For the Jubitz Center's third exhibition since opening last fall, the Portland Art Museum presents a survey of Richard Rezac's minimalist sculptures from the last decade. In one sense, it's an anti-climactic follow-up to its predecessors (Sophie Calle's Exquisite Pain and Roxy Paine's PMU), but Rezac's understated forms mark a welcome departure from Calle and Paine's concept-driven work. The show also marks something of a return to Portland for the Chicago-based Rezac, who graduated from Pacific Northwest College of Art in 1974. For an artist who began his career with shows at Blackfish, the Portland Center for Visual Arts, and galleries at Willamette University and Linfield College, this is quite a homecoming.
Rezac's sculptures are deceptively simple in their minimalism. They are composed of the most basic geometric forms and rendered in traditional sculptural materials, such as wood, steel, and bronze. As with most minimalist sculpture, they are cold in their denial of the artist's touch. The bolts that fasten steel panels together are conspicuous and, when the materials are painted, there are no brushstrokes to observe. Rezac has a penchant for summery colors and coats metal and wood in soft yellows, light greens, and azure blues. It's jarring to see these materials recast in such unexpected tones; Rezac's cheery palates almost beg the viewer to read them as designer editions of factory-produced commodities. Looking at the angular, salmon-pink forms perched over a reflective aluminum background in "Untitled (05-03)," I began to see them as plastic handles one might find on a kitchen appliance.
The most disorienting aspect of Rezac's art, though, is its interaction with space. The show's most engaging piece, "Untitled (98-06)," offers the best example. A U-shaped steel frame painted pale, lime green hangs from the wall, probably nine feet from the floor. On the underside of the frame, Rezac has attached a series of nickel-plated bronze mounds of varying sizes. Looking up at the sculpture or even standing beneath it, the viewer can't see how these mounds are fixed to the frame; they seem to cling like magnets. And as the viewer peers up, the nickel plating on these forms creates a blurred reflection. Not only does it force one to consider his spatial relation to the sculpture, but, coupled with the apparent weight of the forms and their seemingly precarious attachment to the frame, it creates a very uneasy tension.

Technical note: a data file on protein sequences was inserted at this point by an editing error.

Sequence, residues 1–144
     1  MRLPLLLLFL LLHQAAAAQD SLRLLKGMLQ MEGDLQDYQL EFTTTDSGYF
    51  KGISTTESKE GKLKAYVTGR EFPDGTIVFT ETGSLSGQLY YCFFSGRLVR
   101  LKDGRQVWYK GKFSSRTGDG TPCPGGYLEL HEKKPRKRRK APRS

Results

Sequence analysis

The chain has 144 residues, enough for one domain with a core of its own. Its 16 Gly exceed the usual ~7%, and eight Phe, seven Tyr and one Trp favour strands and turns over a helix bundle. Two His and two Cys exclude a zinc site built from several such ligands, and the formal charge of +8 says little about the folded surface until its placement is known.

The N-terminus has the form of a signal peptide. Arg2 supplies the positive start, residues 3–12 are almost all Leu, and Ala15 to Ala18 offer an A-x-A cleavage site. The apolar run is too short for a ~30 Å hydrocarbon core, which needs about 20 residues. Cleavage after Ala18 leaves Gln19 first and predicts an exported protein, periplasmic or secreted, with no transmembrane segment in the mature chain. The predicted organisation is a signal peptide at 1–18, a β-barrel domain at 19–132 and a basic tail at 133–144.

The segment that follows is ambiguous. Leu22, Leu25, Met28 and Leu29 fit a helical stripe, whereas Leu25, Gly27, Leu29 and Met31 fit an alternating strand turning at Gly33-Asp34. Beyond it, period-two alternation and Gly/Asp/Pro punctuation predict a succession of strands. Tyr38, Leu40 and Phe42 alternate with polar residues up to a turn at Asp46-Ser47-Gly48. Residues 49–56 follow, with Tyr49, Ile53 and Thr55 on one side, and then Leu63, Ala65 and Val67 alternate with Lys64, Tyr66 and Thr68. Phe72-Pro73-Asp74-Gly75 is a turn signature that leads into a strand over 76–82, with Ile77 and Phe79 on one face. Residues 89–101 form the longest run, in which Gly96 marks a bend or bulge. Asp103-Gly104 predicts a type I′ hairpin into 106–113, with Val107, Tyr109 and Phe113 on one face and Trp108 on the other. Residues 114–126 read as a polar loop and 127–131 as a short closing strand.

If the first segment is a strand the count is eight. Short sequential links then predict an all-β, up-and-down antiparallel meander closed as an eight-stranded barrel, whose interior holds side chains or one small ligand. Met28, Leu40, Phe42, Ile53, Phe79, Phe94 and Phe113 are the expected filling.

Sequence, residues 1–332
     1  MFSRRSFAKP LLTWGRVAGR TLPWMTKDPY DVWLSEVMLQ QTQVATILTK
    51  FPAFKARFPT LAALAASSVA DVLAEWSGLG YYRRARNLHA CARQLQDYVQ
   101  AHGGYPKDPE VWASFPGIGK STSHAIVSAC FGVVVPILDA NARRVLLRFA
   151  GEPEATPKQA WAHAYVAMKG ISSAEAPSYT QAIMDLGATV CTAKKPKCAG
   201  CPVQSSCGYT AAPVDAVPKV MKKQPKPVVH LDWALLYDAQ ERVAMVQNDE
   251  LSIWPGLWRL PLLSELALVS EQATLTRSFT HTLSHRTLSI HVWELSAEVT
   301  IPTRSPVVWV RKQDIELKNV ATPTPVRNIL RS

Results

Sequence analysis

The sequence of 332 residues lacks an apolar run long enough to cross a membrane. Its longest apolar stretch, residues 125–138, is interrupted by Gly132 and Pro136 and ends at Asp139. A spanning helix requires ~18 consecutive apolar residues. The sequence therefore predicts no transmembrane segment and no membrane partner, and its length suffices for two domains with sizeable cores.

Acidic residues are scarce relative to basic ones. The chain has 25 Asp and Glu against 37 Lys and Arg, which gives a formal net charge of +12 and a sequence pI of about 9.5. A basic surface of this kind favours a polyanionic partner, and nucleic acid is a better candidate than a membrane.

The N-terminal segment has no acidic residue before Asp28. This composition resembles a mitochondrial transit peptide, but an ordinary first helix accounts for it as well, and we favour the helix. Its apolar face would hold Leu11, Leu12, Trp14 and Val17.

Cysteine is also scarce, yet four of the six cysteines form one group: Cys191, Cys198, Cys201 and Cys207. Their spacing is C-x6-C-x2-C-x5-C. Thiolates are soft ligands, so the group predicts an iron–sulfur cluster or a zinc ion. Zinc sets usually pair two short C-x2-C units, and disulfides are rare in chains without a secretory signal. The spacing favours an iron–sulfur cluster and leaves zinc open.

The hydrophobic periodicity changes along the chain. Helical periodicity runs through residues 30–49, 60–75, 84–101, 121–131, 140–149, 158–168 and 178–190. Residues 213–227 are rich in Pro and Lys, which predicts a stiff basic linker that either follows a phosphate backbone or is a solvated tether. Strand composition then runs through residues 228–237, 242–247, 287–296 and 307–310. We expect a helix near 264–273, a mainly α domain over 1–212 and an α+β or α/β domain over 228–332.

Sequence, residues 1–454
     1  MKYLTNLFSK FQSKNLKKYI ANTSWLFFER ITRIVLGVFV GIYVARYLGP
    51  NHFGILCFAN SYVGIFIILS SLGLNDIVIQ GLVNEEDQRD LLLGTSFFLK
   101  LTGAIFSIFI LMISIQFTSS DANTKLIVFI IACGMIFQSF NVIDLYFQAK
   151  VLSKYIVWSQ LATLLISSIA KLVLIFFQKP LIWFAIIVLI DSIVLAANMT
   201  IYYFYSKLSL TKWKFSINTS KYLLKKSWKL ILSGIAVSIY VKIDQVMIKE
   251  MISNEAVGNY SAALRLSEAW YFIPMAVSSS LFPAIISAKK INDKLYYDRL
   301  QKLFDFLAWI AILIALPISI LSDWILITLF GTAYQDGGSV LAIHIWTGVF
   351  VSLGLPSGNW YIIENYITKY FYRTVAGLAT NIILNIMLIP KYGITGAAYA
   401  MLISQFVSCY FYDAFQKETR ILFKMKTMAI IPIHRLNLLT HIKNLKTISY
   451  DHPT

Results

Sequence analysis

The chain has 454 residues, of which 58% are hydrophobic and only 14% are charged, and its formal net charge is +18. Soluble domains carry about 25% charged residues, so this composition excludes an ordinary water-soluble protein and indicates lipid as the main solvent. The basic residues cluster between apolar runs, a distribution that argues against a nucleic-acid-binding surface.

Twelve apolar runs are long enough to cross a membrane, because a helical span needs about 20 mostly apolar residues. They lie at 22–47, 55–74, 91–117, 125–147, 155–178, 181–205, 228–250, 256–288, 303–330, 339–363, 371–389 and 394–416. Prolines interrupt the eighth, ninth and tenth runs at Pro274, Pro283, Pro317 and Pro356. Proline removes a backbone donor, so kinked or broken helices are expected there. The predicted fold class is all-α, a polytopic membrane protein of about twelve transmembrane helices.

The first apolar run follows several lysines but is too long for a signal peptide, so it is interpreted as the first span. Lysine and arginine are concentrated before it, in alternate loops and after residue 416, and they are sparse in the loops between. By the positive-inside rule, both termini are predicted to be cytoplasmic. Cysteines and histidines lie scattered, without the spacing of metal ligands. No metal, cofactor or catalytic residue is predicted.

To contrast the intimidating experience of "Untitled (98-06)" is a similar piece on an adjacent wall of the gallery, "Cove (01-01)." Like the untitled piece, "Cove" features a steel frame with a curving, sky blue form attached to its underside. This blue form, though, is made of poplar and appears weightless in comparison to the bronze mounds in the other piece. It could be that Rezac is showing how materials and, to a lesser degree, forms speak for themselves, but this effect is largely attributable to the fact that it is hung five feet from the gallery floor. Without the ability to stand beneath it and perceive its weight and potential danger, the sculpture reclaims its status as art object, benign and stylized.
One of the show's strengths is the inclusion of preliminary studies, which juxtapose Rezac's two-dimensional graphite sketches with, in one case, the sculpture it became. In his study for "Wenceslaus (03-04)," Rezac uses graph paper to map out a hard-edged pattern of interlocking blue squares, many connected at their points. In the sculpture itself, the pattern is titled and the squares, now diamonds, are the ends of long, rectangular blocks. As a three-dimensional object, "Wenceslaus" is suspended from the ceiling, where light creates different shades of blue in its graded depth. It's a significant transition from paper to sculpture and illustrates how much Rezac's work hinges on exterior factors, such as light and space, for its impact.
Many will find that Rezac's sculptures speak too quietly or fail to reveal themselves immediately—and, with a number of the show's pieces, this is certainly the case. The show includes two utterly underwhelming cast bronze works, one of which, "Web," looks like the artist tried to make his own tire iron. But, even when the work fails to make much of an impression, there is a satisfying sense of balance to the show. Like "Wenceslaus," "Untitled (98-06)," and "Cove," there are many pieces that function as counterparts and help tease out what makes Rezac's work noteworthy. Through thoughtful relationships such as these, the show makes some very restrained art a little more accessible.